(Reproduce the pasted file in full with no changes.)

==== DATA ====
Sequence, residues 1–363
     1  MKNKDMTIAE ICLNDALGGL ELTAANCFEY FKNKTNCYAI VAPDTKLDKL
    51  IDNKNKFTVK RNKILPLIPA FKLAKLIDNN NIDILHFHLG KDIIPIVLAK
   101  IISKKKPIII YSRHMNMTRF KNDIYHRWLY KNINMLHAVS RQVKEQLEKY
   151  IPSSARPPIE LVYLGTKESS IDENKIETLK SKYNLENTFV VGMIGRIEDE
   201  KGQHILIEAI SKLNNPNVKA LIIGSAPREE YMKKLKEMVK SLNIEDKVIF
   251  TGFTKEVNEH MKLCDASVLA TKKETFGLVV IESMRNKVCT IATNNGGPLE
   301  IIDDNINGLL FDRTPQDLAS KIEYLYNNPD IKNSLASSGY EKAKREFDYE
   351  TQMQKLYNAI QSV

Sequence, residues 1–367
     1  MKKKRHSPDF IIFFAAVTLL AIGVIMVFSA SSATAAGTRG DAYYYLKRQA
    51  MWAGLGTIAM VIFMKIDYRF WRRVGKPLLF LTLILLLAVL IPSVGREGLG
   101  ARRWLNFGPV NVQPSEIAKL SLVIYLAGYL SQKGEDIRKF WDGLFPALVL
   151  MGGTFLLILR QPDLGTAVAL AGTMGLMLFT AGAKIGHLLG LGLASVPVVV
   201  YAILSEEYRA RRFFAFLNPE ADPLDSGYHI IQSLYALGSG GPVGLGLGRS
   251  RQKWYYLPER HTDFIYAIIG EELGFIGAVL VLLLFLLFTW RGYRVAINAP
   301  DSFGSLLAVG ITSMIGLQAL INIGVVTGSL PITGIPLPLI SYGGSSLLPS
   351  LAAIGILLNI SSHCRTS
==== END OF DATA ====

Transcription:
Sequence, residues 1–363
     1  MKNKDMTIAE ICLNDALGGL ELTAANCFEY FKNKTNCYAI VAPDTKLDKL
    51  IDNKNKFTVK RNKILPLIPA FKLAKLIDNN NIDILHFHLG KDIIPIVLAK
   101  IISKKKPIII YSRHMNMTRF KNDIYHRWLY KNINMLHAVS RQVKEQLEKY
   151  IPSSARPPIE LVYLGTKESS IDENKIETLK SKYNLENTFV VGMIGRIEDE
   201  KGQHILIEAI SKLNNPNVKA LIIGSAPREE YMKKLKEMVK SLNIEDKVIF
   251  TGFTKEVNEH MKLCDASVLA TKKETFGLVV IESMRNKVCT IATNNGGPLE
   301  IIDDNINGLL FDRTPQDLAS KIEYLYNNPD IKNSLASSGY EKAKREFDYE
   351  TQMQKLYNAI QSV

Sequence, residues 1–367
     1  MKKKRHSPDF IIFFAAVTLL AIGVIMVFSA SSATAAGTRG DAYYYLKRQA
    51  MWAGLGTIAM VIFMKIDYRF WRRVGKPLLF LTLILLLAVL IPSVGREGLG
   101  ARRWLNFGPV NVQPSEIAKL SLVIYLAGYL SQKGEDIRKF WDGLFPALVL
   151  MGGTFLLILR QPDLGTAVAL AGTMGLMLFT AGAKIGHLLG LGLASVPVVV
   201  YAILSEEYRA RRFFAFLNPE ADPLDSGYHI IQSLYALGSG GPVGLGLGRS
   251  RQKWYYLPER HTDFIYAIIG EELGFIGAVL VLLLFLLFTW RGYRVAINAP
   301  DSFGSLLAVG ITSMIGLQAL INIGVVTGSL PITGIPLPLI SYGGSSLLPS
   351  LAAIGILLNI SSHCRTS